The Value of the DOE State Energy Program

Department of EnergyAs part of President Trump’s resolution to cut government spending, the White House has proposed drastic budget reductions for the United States Department of Energy (DOE) – and for its clean-energy office. These may affect the State Energy Program (SEP), which has yielded broad-ranging health and economic benefits.

Depending on the outcome of congressional negotiations, the Office of Energy Efficiency and Renewable Energy (EERE) might have a 69-percent reduction in funding for 2018. This would be only $636 million as compared to $2.069 billion in 2017, according to the 2018 budget documents.

However, it is entirely possible the final decision may reflect the priorities of other stakeholders – including citizens, politicians, lobbyists, businesses and workers.

One program that might be defunded due to the budget cuts is the SEP. The SEP provides grant funding and technical assistance to states and territories to improve energy security, advance energy initiatives, and decrease energy waste.

Value

Does this program add value nationally? To answer this question, Oak Ridge National Laboratory conducted a national, multi-year, peer-reviewed evaluation of the cost-effectiveness of the SEP program during 2008 and for a span of years from 2009 through 2013.

The comprehensive evaluation demonstrated that the dollar savings from SEP investments were substantially greater than the program costs. The program resulted in energy savings, job creation, emissions reductions, and economic and health benefits.

The review found that the SEP was very cost-effective. Projects were estimated to deliver $4.50 in energy cost savings per dollar invested, resulting in a lifetime energy savings of $95 million.

For project year 2008, the cumulative energy savings from the lifetime of SEP-funded projects was estimated at 9.7 MMBtu. That included 8.2 million MMBtu from energy savings and 1.45 million MMBtu from renewable energy generated.

In addition, for projects implemented in 2008, the study found that 2,044 full-time and/or part-time jobs were created. Data showed that 0.57 million metric tons of carbon equivalent (MMTCE) would be avoided over the projects’ lifetime. This result is equivalent to taking 120,400 cars off the road each year.

Department of Energy

Background

Congress created the SEP in 1996 by merging the State Energy Conservation Program (SECP) and the Institutional Conservation Program (ICP), which had both been in existence since 1975.

While the program goals have evolved over time, according to the program website, the SEP works with states to:

  1. increase energy efficiency;
  2. implement energy security, resiliency, and emergency preparedness plans;
  3. reduce energy costs and energy waste;
  4. increase investments to expand the use of energy resources abundant in states;
  5. promote economic growth with improved environmental quality.

From 2010 to 2016, the SEP invested $209 million in annual formula funds and $61 million in competitive funds for states.

States use their formula grants to develop state strategies and goals to address their energy priorities and are required to provide a 20-percent match.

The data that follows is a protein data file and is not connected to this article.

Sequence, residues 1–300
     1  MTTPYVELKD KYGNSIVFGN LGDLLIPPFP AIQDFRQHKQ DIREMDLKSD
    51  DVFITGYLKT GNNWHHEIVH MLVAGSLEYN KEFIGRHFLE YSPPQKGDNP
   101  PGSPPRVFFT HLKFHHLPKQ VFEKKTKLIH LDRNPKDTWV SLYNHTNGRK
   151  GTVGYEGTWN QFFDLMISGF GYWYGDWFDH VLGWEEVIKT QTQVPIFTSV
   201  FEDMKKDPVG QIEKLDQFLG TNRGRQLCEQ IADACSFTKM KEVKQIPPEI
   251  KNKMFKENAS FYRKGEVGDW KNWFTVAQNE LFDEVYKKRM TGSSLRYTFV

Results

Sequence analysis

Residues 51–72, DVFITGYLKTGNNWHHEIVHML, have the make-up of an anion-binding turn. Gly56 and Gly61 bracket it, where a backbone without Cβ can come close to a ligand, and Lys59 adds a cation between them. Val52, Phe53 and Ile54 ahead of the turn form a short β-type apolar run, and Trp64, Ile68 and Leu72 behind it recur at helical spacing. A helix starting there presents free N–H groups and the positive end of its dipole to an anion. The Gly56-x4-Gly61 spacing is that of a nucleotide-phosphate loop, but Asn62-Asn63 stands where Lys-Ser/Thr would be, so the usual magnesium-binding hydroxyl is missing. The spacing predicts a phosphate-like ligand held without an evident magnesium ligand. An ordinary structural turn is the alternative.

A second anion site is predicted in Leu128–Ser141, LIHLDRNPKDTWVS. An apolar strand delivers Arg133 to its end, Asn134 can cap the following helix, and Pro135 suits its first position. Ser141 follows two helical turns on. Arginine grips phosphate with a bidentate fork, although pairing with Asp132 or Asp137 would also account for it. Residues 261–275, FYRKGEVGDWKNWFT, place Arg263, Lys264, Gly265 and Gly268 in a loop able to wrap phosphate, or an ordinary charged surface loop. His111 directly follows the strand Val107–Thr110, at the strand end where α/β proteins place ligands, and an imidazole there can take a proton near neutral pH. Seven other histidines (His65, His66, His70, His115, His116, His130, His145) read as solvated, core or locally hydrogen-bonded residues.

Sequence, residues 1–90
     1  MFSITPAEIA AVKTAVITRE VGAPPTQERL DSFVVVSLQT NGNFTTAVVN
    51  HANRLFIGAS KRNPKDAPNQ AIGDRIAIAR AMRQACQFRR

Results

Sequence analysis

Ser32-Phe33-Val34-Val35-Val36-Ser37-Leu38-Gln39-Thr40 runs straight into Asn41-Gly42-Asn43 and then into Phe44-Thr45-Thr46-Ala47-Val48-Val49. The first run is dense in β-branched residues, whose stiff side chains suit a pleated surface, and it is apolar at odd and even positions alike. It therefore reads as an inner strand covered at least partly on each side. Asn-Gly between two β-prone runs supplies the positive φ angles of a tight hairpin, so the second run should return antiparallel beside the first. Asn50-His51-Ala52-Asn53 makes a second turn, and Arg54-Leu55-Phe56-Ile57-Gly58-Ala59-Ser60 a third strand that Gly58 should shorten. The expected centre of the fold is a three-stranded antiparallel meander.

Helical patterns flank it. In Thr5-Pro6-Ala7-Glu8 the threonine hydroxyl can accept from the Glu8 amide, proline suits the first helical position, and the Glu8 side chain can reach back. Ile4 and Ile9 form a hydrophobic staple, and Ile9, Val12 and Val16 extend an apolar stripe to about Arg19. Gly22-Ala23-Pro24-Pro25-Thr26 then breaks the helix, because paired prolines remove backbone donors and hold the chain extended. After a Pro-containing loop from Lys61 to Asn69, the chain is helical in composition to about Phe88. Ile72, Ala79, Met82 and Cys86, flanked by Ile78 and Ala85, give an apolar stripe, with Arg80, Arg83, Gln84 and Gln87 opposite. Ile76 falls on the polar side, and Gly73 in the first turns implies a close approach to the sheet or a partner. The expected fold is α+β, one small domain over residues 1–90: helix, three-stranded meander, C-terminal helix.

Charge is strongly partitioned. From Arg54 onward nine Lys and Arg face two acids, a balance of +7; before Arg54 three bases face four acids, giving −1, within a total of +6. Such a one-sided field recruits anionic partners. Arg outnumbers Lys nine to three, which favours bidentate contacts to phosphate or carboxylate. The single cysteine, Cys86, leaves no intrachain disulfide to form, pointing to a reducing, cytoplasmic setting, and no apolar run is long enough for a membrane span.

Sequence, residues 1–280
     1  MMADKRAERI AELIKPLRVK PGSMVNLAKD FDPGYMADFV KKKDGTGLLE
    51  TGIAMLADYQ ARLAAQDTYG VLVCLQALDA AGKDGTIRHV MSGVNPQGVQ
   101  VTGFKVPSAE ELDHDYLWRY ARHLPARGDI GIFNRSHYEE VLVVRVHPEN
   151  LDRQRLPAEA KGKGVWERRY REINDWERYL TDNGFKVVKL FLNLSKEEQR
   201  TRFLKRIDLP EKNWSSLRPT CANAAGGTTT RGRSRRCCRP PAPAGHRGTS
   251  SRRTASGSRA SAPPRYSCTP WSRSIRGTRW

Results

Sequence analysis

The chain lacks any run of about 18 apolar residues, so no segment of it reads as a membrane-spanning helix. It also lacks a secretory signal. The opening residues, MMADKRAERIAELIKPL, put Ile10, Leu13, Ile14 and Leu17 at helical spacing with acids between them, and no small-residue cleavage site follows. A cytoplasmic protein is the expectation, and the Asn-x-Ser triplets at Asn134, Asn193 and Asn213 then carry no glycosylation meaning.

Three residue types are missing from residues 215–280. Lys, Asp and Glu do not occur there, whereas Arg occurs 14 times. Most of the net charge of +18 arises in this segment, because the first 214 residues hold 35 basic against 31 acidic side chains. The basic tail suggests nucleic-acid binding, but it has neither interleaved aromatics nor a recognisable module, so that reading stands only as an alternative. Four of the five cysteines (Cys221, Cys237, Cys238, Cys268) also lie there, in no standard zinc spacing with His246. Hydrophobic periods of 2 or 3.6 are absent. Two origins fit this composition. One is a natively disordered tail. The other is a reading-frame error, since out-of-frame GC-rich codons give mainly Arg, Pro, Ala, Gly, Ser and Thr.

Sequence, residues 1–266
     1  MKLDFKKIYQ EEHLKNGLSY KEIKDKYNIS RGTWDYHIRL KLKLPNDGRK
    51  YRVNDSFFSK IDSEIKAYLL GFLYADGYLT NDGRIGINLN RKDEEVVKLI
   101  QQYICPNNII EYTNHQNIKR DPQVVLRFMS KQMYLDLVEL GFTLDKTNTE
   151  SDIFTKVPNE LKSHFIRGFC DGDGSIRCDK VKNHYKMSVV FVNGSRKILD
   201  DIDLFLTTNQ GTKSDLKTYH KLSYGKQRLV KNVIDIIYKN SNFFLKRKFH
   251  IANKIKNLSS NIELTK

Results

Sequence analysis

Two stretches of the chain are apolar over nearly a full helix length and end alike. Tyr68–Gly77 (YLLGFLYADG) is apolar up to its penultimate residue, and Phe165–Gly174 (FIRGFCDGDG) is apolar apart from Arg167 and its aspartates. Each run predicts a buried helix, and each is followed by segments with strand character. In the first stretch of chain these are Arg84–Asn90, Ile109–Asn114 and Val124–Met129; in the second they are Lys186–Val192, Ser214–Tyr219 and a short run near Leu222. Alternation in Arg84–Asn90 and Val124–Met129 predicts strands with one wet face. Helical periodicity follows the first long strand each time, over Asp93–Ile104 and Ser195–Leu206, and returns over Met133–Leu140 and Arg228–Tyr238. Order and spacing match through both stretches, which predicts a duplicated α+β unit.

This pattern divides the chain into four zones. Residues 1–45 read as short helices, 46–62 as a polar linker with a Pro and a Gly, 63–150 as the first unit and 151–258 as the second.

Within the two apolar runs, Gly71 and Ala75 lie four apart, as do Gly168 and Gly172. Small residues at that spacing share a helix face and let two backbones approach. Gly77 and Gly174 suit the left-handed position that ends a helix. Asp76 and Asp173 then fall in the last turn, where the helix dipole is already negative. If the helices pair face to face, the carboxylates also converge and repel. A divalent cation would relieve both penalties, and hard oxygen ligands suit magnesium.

A DOE representative said in an email interview that between 2010 and 2017, “states implemented SEP funding that resulted in a wide range of benefits.” These are listed below.

Benefits of the State Energy Program

  • Implementation of energy security, climate resilience, and emergency preparedness plans
  • Development of state-led strategic energy initiatives
  • Investments to expand use of state energy resources
  • Reduced energy waste in more than 20,000 buildings (125 million square feet) through energy-efficiency upgrades
  • Installation of more than 60,000 renewable-energy systems (8 million kWh)
  • Education of more than 2 million people in performing energy audits and upgrades
  • Pilots of innovative energy projects with the private sector, K-12 schools, and university campuses
  • Execution of energy savings performance contracts to undertake retrofit projects in public facilities
  • Development of implementation models that serve as ‘how-to’ guides for other states that wish to replicate the programs that are achieving energy-efficiency savings

Examples

Each state allocates SEP funds for projects specific to its own needs. Alabama invested SEP money in an energy-efficiency program that saved $7.4 million in energy costs in the first two years.

Nevada used these funds to help income-qualified seniors improve the energy efficiency of their homes, saving the customers an estimated $927 per home per year.

Minnesota used SEP funding to create a Guaranteed Energy Savings Program that provided energy-efficiency projects in more than 550 buildings. This program’s projected annual savings was $10.8 million.

States are required to provide a minimum of 20 percent matching funds for SEP grants.

In 2009, the American Recovery and Reinvestment Act (ARRA) provided $3.1 billion for SEP grants with no matching fund requirements. This allowed the program to support states even further in their energy conservation.

For the ARRA period, the combined energy impact from ARRA energy-efficiency and renewable-energy projects was calculated to save about 2.8 billion MMBtu from 2009 to 2050. Combined, this resulted in avoided carbon emissions from the ARRA period of 164.1 MMTCE. Overall, these projects are estimated to save a total of $7.8 billion in energy costs through 2050.

While political leanings vary by state, the benefits of the SEP program extend beyond state lines, delivering cost-effective economic, environmental and health benefits to the residential, commercial and public sectors. If funding is cut, these benefits will be as well.

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